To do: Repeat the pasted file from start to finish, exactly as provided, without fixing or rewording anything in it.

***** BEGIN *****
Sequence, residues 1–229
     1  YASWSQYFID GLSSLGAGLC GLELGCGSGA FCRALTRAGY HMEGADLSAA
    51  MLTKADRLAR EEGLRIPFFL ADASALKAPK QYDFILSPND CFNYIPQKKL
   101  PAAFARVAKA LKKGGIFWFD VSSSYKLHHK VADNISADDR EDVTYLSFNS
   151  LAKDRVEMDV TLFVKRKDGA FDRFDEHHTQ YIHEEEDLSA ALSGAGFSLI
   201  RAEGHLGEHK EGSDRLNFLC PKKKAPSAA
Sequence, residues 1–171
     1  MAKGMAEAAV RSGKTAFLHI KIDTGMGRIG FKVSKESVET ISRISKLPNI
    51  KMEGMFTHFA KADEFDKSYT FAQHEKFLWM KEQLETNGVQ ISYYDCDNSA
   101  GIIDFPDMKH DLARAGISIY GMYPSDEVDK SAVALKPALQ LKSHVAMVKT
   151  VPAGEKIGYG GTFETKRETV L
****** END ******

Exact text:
Sequence, residues 1–229
     1  YASWSQYFID GLSSLGAGLC GLELGCGSGA FCRALTRAGY HMEGADLSAA
    51  MLTKADRLAR EEGLRIPFFL ADASALKAPK QYDFILSPND CFNYIPQKKL
   101  PAAFARVAKA LKKGGIFWFD VSSSYKLHHK VADNISADDR EDVTYLSFNS
   151  LAKDRVEMDV TLFVKRKDGA FDRFDEHHTQ YIHEEEDLSA ALSGAGFSLI
   201  RAEGHLGEHK EGSDRLNFLC PKKKAPSAA
Sequence, residues 1–171
     1  MAKGMAEAAV RSGKTAFLHI KIDTGMGRIG FKVSKESVET ISRISKLPNI
    51  KMEGMFTHFA KADEFDKSYT FAQHEKFLWM KEQLETNGVQ ISYYDCDNSA
   101  GIIDFPDMKH DLARAGISIY GMYPSDEVDK SAVALKPALQ LKSHVAMVKT
   151  VPAGEKIGYG GTFETKRETV L